How to Schedule Sales Presentation Appointments That Get Kept

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Garin Hess

One of the most common frustrations salespeople experience involves being stood up for an appointment.  Missed appointments are such a waste of time when you consider that there are dozens of other things you could have planned to do during the hour you’d blocked out to show your prospect how great your product is.

Here are some ideas that will help you reduce missed appointments so that you can instead spend those precious time blocks giving sales demonstrations that impress.

Setting the Appointment

A successful product demo involves much more than asking your prospect to join you to experience economic nirvana, where supply and demand serendipitously embrace each other like a scene out of a love story.  You’ve got to do your prep work, often a significant amount, for the intended outcome: getting closer to a finalized sale.

Preparing a sales demo for success requires taking precise care of the pertinent details, including scheduling and confirming the appointment, which involves identifying the best time for the demo and making sure the right people (those who will contribute to making the decision about your offer) will be attendance.  Make sure to spend time learning about the individual members of your audience, or, for presentations to larger groups, at least making sure you have a sense of the general demographics represented by those to whom you are presenting.

Scheduling Tip: Don’t call your demo a “demo”. Call it “[Solution Title] Consulting With [Your Company Name]”. At DemoChimp we might call it “Sales Productivity Consulting With DemoChimp”. Even though we want to, when setting an appointment, instead of saying, “Can we find some time in the next few days to demonstrate our awesome product?”, we might ask, “Can we find some time in the next few days to discuss your sales processes so we can offer some recommendations on how to significantly increase productivity?” Ultimately you are scheduling a meeting to try to solve their problem, not to demo your product. Some people won’t want to see a “demo”, but everyone wants their problems solved.

Schedule the Appointment, then Confirm It

Getting on a prospect’s schedule is the first major step to giving an effective live demo. There are entire companies and product offerings built specifically around the art of scheduling an appointment and having prospects keep the appointment.  For example, a company called Timetrade advertises a sales appointment schedulingappointment-scheduling product that automatically does some groundwork for appointment-setting activities, allowing sales reps to focus more on the meetings and less on the scheduling aspect of holding those meetings.

Timetrade touts that its Click-to-Schedule tool reduces the time wasted (51%) in “non-sales activity” by sales reps.  Whether it’s Timetrade’s solution or another tool, spending the time to develop a solid process for scheduling and confirming appointments will help you and your team spend more time on activities that matter most.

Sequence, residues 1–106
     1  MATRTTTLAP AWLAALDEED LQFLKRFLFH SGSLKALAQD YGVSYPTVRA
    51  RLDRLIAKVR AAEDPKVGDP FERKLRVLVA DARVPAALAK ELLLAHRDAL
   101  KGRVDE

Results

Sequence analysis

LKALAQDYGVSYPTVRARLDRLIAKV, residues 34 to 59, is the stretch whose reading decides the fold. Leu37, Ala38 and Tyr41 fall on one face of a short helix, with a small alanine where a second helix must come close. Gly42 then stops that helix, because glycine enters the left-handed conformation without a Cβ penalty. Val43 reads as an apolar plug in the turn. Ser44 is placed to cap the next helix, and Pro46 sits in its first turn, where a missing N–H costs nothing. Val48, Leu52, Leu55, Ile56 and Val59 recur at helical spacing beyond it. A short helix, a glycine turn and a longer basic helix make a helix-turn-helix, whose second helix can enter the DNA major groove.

Sales reps will tell you that there can also be a big difference between an appointment being set up and actually being kept.  Confirming a live demo appointment is almost as crucial as setting up the appointment in the first place. Many salespeople purposely skip the appointment confirmation element of the meeting prep work, for fear that a confirmation phone call or email may simply become an opportunity for the prospect to cancel the appointment.  However, tactfully but assertively reminding your prospects that you have a meeting scheduled with them gives them a chance to mentally prepare for the experience, creating the higher likelihood that the meeting will actually take place.

“Hi [name], I’m reaching out to remind you that we have a consulting appointment  to discuss [solution title] on [date and time]. Can you please confirm this still works well for you.? If not, can you please let me know another time that would work better?”

If they do postpone the meeting when you try to confirm, at least you’re not wasting your time waiting for the prospect to show up for the call. It also makes them feel in control, which establishes a greater relationship of trust. You are an advisor, not a salesperson thatwho is going to cram something they may not need down their throats.

Tips for confirming sales demonstration appointments include:

  • Avoid scheduling appointments more than two weeks in advance.
  • Be clear about the appointment details and do a quick confirmation during the initial appointment conversation, restating the date and time of the appointment to the prospects along with the objective of the meeting.
  • Send out a calendar invite as soon as the appointment is set, and include a reminder notification that seems appropriate for your prospects
  • Leave a personalized reminder during the latter part in the day prior to the scheduled appointment.  A quick text message saying something like, “Looking forward to our demo appointment tomorrow at 10am,” works well for this.